All week long, I wanted to have a heart-to-heart with disgraced former California governor Gray Davis, if for nothing else than to give him a chance to hit back at me for all the nasty things I have written about him over the years. Alas, these things have a way of not going as planned, especially when you bump into him by accident, at the end of the Democratic convention, flanked by his very sweet-seeming wife Sharon.
My thesis four years ago was that Gray was as likely as anyone else to be vying for the 2004 Democratic nomination, if A) Gore lost, B) Nader didn?t reach 5% in the Golden State, C) Bush got spanked in California, and D) Davis didn't bungle his governorship beyond repair. After all, like some certain politicians we could name, he was a decorated Vietnam veteran with a hard-earned tough-on-crime record and a promising launching pad in a cash-rich blue state. I'd like to think that the D) was an unforeseeable catastrophe, but chances are I invested too heavily in despising a single public figure. At any rate, here's my brief exchange with Singapore Gray:
Reason: What did you think of the speech?
Davis: I thought he was at the top of his game. There were several goose-bump moments. I particularly liked—I can't do justice to the riff—but it was something about "I'm not gonna ask that God be on my side; I humbly pray I can be on his side." Great.
Reason: Is it kind of strange for you? I mean, four years ago I was in L.A., and you were kind of the king of city then, throwing big parties and everything like that.
Davis: Well I was the host governor, and I was governor. The host governor has a bazillion responsibilities, and it wasn't as much fun as it appeared to be. But I'm glad the convention went well, and I had a number of people during these four days complimenting me on how well it went.
Reason: Did you have ambitions of national politics at that point?
Davis: You know, I never did.
Reason: Really? I thought you did.
Davis: Everybody kept reading them into me, but I just wanted to finish my term as governor.
Reason: What are you up to now?
Davis: I'm doing a little consulting, I'm working on an arrangement with the UCLA School of Public Policy for next winter, and a couple of countries have invited us to come and speak—China, we spoke at their Asian-Pacific Conference, and spoke at Taiwan National University subsequent to that on a separate trip, so we?re getting to see parts of the world we never got to see and having a terrific time.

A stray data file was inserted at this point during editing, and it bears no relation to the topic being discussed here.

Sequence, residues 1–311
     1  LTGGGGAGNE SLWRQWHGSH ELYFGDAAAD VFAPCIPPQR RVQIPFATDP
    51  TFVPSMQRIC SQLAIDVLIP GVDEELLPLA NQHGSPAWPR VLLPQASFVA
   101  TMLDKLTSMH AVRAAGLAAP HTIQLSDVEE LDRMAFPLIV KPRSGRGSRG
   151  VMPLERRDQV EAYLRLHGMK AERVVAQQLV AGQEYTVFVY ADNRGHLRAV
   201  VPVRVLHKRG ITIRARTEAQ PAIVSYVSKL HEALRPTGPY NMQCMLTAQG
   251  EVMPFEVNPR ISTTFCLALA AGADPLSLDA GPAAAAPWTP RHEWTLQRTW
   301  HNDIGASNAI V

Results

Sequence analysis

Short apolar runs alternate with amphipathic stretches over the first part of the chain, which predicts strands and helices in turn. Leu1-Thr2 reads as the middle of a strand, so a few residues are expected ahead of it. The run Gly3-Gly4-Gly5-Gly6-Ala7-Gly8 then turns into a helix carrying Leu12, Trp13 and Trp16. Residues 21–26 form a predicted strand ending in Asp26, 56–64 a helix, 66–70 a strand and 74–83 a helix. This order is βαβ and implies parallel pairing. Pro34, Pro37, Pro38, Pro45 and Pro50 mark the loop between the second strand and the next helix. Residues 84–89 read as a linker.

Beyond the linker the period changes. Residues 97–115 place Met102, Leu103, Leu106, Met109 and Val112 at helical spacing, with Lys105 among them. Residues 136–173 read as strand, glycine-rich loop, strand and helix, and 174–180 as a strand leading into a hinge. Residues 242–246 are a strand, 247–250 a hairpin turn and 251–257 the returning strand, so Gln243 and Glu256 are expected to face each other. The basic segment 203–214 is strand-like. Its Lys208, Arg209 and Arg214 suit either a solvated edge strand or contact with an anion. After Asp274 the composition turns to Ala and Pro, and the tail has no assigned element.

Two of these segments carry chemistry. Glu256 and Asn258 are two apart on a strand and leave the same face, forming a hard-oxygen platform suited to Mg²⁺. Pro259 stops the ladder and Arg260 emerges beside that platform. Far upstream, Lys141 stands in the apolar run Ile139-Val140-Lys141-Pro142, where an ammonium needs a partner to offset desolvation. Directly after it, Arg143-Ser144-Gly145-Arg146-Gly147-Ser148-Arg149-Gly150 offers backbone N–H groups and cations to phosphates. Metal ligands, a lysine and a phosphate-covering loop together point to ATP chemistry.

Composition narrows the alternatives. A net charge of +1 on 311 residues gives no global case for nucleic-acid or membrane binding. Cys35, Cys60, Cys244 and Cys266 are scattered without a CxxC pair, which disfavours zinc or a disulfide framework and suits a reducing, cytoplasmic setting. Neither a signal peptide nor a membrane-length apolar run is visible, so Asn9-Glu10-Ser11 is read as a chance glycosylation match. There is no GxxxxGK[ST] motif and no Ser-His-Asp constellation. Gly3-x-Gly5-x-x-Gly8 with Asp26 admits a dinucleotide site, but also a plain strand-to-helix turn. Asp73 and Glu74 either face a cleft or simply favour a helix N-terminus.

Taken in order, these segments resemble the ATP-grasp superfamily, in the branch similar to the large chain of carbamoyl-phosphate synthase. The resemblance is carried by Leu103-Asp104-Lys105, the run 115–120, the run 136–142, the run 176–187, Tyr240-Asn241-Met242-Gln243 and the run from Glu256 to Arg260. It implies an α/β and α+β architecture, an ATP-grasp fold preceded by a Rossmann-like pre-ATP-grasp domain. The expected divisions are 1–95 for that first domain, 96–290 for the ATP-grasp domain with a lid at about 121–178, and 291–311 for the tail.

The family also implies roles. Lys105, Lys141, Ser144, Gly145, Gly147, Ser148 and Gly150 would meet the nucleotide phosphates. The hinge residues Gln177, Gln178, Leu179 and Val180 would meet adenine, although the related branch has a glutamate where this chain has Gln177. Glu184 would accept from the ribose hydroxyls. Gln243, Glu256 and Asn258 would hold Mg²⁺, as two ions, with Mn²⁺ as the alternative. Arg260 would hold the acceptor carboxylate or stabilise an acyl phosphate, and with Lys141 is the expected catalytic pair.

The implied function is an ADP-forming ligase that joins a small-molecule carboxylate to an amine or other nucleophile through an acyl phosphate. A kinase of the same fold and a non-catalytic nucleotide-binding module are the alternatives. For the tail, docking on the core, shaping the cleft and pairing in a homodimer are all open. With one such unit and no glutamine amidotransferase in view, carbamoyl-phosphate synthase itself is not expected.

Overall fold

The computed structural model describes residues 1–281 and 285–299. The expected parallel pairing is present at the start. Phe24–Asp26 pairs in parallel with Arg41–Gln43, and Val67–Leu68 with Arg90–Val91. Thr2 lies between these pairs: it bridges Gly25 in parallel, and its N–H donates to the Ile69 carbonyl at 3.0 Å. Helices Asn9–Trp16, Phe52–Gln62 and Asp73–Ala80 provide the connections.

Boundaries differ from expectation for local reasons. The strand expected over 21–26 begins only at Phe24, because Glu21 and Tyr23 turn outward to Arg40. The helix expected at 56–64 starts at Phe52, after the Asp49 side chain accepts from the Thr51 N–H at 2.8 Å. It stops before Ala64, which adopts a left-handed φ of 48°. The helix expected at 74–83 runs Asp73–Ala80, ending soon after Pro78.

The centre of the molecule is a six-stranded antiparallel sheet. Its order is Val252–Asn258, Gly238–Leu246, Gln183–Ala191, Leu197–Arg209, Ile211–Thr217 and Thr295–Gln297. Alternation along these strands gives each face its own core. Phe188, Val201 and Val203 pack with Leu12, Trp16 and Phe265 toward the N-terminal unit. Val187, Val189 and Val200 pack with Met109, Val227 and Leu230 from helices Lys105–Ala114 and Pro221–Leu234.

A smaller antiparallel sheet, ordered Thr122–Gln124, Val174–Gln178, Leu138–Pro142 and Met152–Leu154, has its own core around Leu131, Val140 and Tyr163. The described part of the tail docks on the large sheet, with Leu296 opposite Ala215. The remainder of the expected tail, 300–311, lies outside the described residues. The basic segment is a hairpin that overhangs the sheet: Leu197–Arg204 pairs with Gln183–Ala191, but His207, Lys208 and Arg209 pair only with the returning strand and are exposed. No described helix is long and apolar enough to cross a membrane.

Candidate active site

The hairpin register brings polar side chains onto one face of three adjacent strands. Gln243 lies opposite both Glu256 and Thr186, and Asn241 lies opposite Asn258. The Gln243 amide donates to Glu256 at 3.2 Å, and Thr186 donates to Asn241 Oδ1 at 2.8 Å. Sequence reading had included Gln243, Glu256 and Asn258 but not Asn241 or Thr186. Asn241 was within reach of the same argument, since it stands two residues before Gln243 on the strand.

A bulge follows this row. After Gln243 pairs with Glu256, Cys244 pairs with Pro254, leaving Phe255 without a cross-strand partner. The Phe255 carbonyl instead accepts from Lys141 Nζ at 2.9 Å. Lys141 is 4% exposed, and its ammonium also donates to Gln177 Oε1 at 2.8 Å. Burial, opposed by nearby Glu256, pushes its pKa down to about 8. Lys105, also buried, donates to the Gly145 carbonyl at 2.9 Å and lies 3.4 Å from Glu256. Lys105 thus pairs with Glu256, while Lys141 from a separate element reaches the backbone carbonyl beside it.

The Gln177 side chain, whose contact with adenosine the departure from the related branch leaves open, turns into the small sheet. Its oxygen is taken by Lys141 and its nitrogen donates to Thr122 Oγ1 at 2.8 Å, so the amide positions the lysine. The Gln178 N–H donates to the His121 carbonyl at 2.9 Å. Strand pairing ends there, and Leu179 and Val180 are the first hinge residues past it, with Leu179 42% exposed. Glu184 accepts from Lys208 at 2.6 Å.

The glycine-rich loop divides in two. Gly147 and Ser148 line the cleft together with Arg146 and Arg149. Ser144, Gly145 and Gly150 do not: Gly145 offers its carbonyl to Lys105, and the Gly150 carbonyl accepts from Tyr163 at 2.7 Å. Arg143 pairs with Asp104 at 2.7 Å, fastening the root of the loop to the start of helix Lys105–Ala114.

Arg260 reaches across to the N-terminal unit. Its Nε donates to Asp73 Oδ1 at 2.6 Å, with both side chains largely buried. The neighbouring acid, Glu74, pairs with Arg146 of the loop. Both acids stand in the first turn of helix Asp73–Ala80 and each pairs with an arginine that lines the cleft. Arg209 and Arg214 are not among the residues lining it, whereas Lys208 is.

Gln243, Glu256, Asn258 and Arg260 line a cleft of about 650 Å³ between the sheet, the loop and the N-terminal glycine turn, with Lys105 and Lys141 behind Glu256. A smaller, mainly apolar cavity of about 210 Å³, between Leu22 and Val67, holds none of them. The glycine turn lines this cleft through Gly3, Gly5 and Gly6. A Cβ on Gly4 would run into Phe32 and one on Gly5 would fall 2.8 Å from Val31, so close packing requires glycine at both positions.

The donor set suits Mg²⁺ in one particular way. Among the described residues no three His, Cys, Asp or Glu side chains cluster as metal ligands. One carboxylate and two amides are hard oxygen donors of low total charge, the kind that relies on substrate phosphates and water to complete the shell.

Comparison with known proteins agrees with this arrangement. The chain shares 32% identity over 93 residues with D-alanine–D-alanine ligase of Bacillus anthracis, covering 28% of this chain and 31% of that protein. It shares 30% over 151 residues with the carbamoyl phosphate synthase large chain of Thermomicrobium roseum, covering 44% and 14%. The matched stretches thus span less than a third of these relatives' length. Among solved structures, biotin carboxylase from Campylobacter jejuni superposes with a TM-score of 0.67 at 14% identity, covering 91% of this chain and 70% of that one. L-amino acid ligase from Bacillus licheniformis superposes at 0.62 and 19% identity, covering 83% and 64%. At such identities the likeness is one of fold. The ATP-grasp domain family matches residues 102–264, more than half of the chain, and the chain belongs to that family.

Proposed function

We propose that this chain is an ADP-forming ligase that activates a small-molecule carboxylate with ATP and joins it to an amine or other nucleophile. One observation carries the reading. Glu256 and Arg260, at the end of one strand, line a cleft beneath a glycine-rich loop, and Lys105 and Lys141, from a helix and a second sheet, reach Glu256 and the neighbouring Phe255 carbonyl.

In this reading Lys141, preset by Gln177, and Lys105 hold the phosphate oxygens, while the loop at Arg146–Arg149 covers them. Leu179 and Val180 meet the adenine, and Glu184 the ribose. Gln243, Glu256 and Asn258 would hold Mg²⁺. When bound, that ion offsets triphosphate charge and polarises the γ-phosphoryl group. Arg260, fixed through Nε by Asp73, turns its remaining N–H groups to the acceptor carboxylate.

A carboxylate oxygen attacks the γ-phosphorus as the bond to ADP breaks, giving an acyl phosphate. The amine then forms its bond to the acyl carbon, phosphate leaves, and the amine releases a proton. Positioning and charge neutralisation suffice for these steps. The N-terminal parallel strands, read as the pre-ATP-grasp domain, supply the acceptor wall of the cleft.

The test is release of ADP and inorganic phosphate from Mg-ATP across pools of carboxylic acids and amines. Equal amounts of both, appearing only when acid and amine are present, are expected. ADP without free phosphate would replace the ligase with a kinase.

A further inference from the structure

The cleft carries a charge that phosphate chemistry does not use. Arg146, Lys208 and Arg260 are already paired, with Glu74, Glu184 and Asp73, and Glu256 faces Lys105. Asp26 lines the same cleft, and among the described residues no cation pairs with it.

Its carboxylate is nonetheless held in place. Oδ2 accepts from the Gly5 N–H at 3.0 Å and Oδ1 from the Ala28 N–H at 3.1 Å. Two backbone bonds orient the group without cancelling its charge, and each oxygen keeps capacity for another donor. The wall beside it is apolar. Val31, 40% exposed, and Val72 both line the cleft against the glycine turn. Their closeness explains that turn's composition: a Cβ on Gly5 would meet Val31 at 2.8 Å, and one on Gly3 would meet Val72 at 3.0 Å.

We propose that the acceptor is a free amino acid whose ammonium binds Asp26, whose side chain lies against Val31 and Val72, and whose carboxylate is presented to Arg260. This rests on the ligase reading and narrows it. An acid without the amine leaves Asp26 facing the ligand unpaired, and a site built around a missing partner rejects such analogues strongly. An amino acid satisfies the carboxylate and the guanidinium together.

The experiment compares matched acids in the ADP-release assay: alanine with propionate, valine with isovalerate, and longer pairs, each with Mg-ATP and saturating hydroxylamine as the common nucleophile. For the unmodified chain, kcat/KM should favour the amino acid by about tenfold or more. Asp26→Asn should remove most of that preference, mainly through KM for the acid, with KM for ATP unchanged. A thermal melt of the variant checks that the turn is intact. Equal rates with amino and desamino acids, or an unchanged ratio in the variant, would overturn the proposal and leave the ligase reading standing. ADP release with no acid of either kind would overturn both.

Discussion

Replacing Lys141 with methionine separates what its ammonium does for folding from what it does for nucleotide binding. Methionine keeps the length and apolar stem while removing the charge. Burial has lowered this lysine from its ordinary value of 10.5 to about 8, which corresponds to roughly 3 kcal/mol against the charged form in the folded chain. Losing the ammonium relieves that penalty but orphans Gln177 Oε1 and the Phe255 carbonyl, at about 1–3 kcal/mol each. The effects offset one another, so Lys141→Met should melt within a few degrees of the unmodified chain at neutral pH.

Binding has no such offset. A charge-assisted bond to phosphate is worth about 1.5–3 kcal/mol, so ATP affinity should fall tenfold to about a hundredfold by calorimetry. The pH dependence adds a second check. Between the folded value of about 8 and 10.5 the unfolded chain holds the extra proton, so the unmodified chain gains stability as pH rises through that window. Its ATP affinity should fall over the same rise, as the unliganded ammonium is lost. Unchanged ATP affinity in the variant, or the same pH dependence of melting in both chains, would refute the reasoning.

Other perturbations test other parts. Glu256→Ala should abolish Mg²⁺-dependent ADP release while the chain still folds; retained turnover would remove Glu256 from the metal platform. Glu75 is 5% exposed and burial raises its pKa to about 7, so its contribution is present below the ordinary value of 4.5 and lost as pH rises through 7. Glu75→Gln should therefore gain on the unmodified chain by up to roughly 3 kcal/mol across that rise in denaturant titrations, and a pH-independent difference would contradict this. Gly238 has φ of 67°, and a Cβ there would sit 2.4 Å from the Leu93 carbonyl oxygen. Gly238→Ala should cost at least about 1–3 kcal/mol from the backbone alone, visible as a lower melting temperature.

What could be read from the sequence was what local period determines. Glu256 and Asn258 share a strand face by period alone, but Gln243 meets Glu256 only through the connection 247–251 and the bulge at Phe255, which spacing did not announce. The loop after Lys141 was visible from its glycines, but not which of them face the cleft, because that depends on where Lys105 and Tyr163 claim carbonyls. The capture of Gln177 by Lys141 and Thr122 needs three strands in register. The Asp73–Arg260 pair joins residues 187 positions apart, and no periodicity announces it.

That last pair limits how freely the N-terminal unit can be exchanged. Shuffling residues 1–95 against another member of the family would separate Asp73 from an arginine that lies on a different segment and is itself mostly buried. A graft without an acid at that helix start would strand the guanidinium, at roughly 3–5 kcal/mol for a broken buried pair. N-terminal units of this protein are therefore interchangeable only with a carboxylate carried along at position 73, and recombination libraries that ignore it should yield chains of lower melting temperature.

Reason: [?] Did you get more of an anti-Bush vibe here? I mean, I felt the big unity here, but there wasn't necessarily a lot of discussion about the issues that sort of divide the "Democrat wing of the Democratic Party" and the New Democrats, for example.
Davis: Because I think the whole goal of this convention was to unite under one banner, and express our solidarity for John Kerry, and our determination to make the change at 1600 Pennsylvania Avenue. So, the purpose of this convention was not to find ways that we differ, but to find ways that we can seek common ground.
Actually I thought his speech was more pointed than I thought it was going to be, I mean he crossed some pretty clear lines in the sand.
Reason: [?] Do you think that he reached out in any significant way to swing voters or independent voters, who are not sure who to vote for, not feeling very comfortable with Bush, but not necessarily Democrat.
Davis: Absolutely. It was a very high-minded speech, it appealed to our better instincts, and it reminded us that we're at our best when we remember what unites us rather than divides us. I mean, many speakers said this, but I mean we all want our kids to do well, we all believe in tomorrow being better than today, we all respect the sacrifice of our parents and grandparents, I mean there's so many things we have in common as Americans.
I think Kerry's goal (three second pause) is to offer people a way to be a red, white & blue American, not just a blue-state American, or a red-state American. And I really believe he thought that through, because clearly the campaign was less harsh and less divisive and less finger-pointing then there could have been. I mean I think they made a conscious decision that America?s already decided that they have reservations about George Bush, and now they're looking at John Kerry, and they want his focus to be on all of John Kerry's attributes, as opposed to them being on a recitation of why they shouldn't be voting for George Bush. So I mean that was calculated specifically by the Kerry campaign, and I think it worked.
Reason: And they managed to criticize Bush without every really mentioning him by name.
Davis: Yeah, it was indirect, and tactful, and you know, kind of respectful. They clearly drew lines in the sand where there's big differences, clear choices that voters can make, and I think people want to feel good about America, they want to feel hopeful, they want to feel optimistic, and I think John Kerry offered all of that and more.